January 22 2008
SOS Children's Villages provides support after violence in Kenya
22/01/2008 - SOS Children's Villages is starting emergency relief programmes in three locations for children who have lost their parents during the serious spate of violence in the country or whose families have not yet been found. Refugee families and seriously traumatised people are another target group.
Unaccompanied children are especially vulnerable - Photo: P. Wittmann
The large-scale riots that took place after the presidential elections in December triggered a mass exodus of people in Kenya and have caused hundreds of deaths. Many children have lost their parents or have been separated from their families. Around 500,000 people fled from the massacre. The main areas affected are Nairobi, the coastal regions and the Rift Valley. SOS Children's Villages is now starting an emergency relief programme for around 2,000 people in the catchments areas of its facilities in Nairobi, Eldoret and Mombasa.
In Eldoret alone, the scene of a massacre in a church, there are more than 4,000 refugees, 33 of whom are orphans between the ages of two and 17; another 26 children were separated from their families in the chaos.
How SOS Children's Villages is helping
At the SOS Social Centre in Nairobi - Photo: K. Snozzi
A total of 2,000 refugee families, a large number of whom are single mothers, are receiving relief supplies (food, tarpaulin to be used for tents, blankets, clothes, crockery and personal hygiene products, etc.). In parallel, families with seriously traumatised children are receiving psychological support at the refugee camps.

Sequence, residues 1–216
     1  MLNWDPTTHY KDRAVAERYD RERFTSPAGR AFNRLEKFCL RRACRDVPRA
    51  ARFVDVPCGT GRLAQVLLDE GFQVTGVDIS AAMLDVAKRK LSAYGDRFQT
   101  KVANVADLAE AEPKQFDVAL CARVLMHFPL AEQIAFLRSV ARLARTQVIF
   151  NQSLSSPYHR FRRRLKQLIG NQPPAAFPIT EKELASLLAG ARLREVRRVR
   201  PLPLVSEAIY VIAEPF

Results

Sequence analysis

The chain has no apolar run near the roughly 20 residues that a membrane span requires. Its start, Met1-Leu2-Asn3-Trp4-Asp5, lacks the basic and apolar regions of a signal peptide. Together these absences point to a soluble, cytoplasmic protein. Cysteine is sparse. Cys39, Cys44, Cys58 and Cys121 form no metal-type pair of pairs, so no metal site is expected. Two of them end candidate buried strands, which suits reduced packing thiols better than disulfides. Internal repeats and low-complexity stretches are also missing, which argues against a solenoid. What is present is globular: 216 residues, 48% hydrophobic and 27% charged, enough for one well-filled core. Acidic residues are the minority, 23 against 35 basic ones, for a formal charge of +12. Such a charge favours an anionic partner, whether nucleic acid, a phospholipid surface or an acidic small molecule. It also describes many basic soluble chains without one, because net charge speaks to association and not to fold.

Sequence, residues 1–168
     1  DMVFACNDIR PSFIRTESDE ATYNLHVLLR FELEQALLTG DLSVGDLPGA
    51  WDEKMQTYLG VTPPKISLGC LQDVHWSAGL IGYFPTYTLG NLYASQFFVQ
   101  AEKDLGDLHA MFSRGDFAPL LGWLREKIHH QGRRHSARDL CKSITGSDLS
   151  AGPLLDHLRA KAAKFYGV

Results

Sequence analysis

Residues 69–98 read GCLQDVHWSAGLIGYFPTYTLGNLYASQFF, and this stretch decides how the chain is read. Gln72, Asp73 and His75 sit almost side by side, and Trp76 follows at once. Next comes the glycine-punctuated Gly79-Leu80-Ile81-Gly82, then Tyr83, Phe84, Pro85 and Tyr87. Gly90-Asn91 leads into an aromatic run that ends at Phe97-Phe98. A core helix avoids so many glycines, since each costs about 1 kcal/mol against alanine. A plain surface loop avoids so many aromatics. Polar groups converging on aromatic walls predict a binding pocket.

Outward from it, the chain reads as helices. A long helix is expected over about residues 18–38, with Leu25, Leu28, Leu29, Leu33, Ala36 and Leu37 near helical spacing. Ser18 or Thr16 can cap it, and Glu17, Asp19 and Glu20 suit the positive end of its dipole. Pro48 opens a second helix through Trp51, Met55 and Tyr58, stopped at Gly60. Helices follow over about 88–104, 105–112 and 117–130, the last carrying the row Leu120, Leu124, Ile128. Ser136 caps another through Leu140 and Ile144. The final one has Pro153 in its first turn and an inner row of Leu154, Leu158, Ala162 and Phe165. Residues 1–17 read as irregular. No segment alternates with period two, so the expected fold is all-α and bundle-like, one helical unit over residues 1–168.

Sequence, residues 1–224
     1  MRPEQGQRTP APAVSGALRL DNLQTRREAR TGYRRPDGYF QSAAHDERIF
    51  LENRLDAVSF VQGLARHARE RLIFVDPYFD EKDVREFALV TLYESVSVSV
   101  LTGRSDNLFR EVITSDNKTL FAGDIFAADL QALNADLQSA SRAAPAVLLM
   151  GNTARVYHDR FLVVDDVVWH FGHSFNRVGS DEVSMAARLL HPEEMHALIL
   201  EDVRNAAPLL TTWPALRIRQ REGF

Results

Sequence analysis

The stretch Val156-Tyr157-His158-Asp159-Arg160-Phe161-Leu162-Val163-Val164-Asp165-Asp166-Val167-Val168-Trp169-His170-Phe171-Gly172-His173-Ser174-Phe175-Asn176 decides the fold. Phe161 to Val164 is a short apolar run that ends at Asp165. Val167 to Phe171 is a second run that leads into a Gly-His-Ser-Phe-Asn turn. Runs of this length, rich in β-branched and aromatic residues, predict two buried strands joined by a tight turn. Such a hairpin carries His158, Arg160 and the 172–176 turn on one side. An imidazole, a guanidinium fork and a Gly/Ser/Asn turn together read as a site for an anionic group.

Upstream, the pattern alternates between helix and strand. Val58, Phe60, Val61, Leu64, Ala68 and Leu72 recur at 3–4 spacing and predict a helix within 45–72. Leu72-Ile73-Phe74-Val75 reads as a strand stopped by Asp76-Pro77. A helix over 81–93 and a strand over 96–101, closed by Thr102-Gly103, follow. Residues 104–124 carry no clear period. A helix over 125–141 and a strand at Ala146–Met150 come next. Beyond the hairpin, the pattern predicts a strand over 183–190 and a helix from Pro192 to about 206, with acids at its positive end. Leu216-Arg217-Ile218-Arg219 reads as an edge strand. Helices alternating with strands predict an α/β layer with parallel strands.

The emergency relief programme is concentrating on providing care for unaccompanied refugee children. The SOS Children's Villages in Nairobi, Eldoret and Mombasa can take children in on a temporary basis, until their families are found. However, if it is not possible to reunite the children with their families, it will be possible to let the children stay in the long-term. A total of 45 unaccompanied children were taken into SOS Children's Village Nairobi just yesterday.
All emergency relief measures are being taken in cooperation with the Kenya Red Cross Society and other aid organisations.
The emergency relief programme is at present scheduled to run for six months. If necessary, the emergency relief can be replaced with long-term family strengthening programmes.